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Farmer Fiction: ‘Bad Call’ combines mystery, murder, romance for young readers

Author Stephen Wallenfels keeps audience engaged from page to page with new thriller

Stephen+Wallenfels%E2%80%99+intoxicating+thriller+%E2%80%9CBad+Call%E2%80%9D+was+published+Dec.+19%2C+2017.
Stephen Wallenfels’ intoxicating thriller “Bad Call” was published Dec. 19, 2017.

Stephen Wallenfels’ intoxicating thriller “Bad Call” was published Dec. 19, 2017.

Photo by Marrisa Redding

Photo by Marrisa Redding

Stephen Wallenfels’ intoxicating thriller “Bad Call” was published Dec. 19, 2017.

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Stephen Wallenfels’ intoxicating thriller “Bad Call” was published Dec. 19, 2017. Incorporating romance and suspense, Wallenfels not only grasps the attention of his readers by his apprehension, but the bright red cover also assists in promoting the general appeal.

One would think Wallenfels’ novel would mimic a Stephen King book, but it doesn’t. King writes murder mystery novels. His books are tremendously detailed and most end up to be movies. Another author who one may associate with “Bad Call” is James Patterson. Patterson also writes murder mysteries, such as the “Confessions” series. Both of these authors have factors in their writing some readers believe will be a part of Wallenfels’, but the novel is tame enough for a sixth grader.

As a murder mystery, “Bad Call” reaches for undivided attention as the plot unfolds. The story follows the adventures of a group consisting of four teens: Colin, Ceo, Grahame and Ellie. The book is set in Yosemite, California, where the group decides to camp.

“A minute later we hear a sound that stops us both. Explosive, like a gunshot…A minute after that Grahame walks into camp lugging a giant dead branch over his shoulder. ‘See,’ he says to Ceo, tossing it down, ‘I told you the ax would come in handy.’”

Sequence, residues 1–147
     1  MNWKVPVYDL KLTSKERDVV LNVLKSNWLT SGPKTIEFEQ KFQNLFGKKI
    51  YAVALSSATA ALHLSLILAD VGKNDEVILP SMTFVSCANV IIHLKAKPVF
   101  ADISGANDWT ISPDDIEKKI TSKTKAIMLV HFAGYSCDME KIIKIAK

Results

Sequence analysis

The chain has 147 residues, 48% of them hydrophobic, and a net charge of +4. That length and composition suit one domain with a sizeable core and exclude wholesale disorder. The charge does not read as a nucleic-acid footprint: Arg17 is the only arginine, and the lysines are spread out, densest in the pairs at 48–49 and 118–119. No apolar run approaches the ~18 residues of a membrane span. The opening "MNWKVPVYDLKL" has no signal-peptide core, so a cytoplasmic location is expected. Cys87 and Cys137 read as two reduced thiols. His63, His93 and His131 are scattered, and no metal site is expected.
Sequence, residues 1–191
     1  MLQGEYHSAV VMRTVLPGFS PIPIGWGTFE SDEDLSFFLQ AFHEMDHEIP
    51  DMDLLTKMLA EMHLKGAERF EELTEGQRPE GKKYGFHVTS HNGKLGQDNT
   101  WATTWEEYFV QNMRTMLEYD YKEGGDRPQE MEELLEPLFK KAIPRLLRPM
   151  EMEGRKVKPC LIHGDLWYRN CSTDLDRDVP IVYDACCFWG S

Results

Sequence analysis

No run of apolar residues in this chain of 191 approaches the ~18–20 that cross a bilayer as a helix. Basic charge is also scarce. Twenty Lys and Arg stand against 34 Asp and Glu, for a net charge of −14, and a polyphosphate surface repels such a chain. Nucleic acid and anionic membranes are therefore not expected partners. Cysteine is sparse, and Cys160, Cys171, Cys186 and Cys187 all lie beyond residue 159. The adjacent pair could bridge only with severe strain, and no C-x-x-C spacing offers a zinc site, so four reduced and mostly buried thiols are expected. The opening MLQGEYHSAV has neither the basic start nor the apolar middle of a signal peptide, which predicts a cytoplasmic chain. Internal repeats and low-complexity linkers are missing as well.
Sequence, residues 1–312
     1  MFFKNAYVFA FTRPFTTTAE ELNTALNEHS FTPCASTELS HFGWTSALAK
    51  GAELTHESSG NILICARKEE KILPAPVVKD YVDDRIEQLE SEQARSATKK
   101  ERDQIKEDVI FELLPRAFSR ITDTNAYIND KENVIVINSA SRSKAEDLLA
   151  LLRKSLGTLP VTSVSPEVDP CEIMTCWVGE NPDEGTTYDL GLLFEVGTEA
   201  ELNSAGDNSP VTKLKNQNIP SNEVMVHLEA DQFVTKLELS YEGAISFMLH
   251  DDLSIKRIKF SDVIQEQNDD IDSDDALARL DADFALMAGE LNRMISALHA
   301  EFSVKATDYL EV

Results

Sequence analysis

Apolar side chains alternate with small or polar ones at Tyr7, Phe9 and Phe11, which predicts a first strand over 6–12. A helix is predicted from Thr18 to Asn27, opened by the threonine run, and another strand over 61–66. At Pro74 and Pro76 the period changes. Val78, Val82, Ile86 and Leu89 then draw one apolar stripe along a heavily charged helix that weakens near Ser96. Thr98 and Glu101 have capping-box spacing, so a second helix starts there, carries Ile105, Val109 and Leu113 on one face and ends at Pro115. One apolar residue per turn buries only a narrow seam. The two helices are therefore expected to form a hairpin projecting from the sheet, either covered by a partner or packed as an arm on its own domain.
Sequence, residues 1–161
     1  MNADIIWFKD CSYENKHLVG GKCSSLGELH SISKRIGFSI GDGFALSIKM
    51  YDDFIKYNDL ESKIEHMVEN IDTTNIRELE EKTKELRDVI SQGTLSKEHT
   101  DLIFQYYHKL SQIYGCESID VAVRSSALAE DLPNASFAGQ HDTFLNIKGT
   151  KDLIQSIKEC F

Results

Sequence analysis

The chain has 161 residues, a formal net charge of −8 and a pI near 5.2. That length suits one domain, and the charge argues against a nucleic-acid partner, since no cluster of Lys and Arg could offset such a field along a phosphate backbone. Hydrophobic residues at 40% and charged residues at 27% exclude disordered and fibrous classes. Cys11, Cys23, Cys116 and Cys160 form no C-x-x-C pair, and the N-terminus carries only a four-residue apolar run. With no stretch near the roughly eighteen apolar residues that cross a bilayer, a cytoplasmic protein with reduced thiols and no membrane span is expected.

The ax is the main focal point of the story. It all starts when Grahame decides to bring an ax on the trip saying, “I thought it might be useful.” In the beginning, bringing the ax seemed like a good idea, but later on readers learn about some tension between two campers. This makes the idea of having an ax not so pleasant.

It all started with four poker-bound teenage boys. Everything seems to be going fine until one of the boys back out and is replaced by Ceo. He replaces him with Ellie. When they arrive at the entrance of the park, they learn their original camping site has been engulfed in flames. However, this does not stop them.

They decide to embark on the daunting Snow Creek Falls Trail to the top of Yosemite Valley. While they trek through the undergrowth, the weather changes for the worse, furthering the suspense and keeping the readers on their toes. From then on, they make some grievous decisions that will impact their adventure significantly.

Those who enjoy murder, romance and mystery will be entertained by “Bad Call.” In addition, the short read aides in progressing the story, but the disasters that occur are protracted and can cause the reader to get bored and skip to the climax. Overall “Bad Call” earns 3.5/5 stars simply because the summary misleads readers to believe the story will be exhilarating.

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Farmer Fiction: ‘Bad Call’ combines mystery, murder, romance for young readers